The Guardian, Daniel Taylor: “It was a wild and eccentric game in which questionable refereeing and erratic defending both played their part, Juan Mata scored one of the outstanding goals of the season and, in the end, both teams could reflect they had enough chances to win. Ferguson seemed perplexed that United lost their momentum at 3-3, with seven minutes of normal time still to play and four minutes of stoppages, whereas Chelsea can reflect on two brilliant saves from David de Gea to prevent Mata then Gary Cahill from one providing one final, dramatic twist.”
The Daily Telegraph, Henry Winter: “When Chelsea were three goals clear, there was a temptation to feel that this was a turning-point, a watershed at the Bridge, the signature performance for Andre Villas-Boas. Chelsea were playing with more youth, largely free of the old guard. No John Terry, Ashley Cole, Frank Lampard or Didier Drogba? No problem? By full-time, they realised how much they missed the injured Terry in particular.”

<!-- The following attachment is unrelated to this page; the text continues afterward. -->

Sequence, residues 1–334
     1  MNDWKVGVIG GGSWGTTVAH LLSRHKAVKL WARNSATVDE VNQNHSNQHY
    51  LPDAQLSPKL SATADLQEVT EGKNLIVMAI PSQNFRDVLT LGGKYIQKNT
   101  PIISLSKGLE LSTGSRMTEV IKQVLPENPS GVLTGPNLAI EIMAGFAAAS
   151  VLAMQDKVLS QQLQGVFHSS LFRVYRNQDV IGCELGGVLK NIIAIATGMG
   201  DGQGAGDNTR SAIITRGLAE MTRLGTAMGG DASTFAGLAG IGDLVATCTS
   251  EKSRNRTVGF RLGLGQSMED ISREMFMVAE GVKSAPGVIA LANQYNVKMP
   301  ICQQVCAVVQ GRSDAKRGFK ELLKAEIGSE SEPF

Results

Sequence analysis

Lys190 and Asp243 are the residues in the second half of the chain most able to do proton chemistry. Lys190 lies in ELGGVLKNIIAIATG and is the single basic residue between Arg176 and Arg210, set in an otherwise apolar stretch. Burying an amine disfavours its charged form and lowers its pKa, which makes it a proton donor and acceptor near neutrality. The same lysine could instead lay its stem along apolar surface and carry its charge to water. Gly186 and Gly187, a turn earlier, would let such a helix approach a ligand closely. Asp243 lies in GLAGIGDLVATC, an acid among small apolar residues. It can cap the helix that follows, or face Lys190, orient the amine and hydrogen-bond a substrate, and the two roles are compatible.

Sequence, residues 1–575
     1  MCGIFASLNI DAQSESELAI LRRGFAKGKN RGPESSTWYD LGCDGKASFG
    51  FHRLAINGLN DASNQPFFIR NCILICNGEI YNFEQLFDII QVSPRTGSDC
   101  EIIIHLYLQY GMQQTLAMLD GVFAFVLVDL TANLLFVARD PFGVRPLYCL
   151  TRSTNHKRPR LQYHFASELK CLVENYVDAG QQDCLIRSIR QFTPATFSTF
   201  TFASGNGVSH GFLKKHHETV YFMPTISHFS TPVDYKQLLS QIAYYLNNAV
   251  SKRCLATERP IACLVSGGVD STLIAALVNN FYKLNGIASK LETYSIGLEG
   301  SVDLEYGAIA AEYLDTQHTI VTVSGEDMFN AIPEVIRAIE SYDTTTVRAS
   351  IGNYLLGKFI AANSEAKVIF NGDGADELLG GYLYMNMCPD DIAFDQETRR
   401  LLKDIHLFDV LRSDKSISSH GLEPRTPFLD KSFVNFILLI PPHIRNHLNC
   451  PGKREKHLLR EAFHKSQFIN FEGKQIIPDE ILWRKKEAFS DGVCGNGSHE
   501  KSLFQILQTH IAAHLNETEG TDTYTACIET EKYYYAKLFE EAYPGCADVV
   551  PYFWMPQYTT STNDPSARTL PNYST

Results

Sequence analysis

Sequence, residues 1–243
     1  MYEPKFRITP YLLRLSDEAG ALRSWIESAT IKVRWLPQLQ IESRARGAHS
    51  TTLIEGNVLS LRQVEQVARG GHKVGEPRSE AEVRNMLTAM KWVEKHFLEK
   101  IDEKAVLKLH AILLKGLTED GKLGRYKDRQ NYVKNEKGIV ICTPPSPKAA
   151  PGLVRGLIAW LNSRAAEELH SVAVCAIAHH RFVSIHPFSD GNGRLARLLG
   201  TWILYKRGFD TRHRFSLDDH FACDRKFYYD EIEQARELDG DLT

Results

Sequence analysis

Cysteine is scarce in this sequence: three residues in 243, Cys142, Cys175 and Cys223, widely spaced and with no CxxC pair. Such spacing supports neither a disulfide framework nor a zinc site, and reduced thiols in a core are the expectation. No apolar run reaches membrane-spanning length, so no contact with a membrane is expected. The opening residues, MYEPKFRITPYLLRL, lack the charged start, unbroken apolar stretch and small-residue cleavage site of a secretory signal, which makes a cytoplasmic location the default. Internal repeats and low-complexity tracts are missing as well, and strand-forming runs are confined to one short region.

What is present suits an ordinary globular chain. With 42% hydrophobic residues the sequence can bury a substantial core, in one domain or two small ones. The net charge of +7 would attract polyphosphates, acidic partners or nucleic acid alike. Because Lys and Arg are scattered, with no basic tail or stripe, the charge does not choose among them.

The Official Chelsea FC Website: “Despite a three-goal lead Chelsea could not hang on to three points as Manchester United fought back to earn a draw at Stamford Bridge.”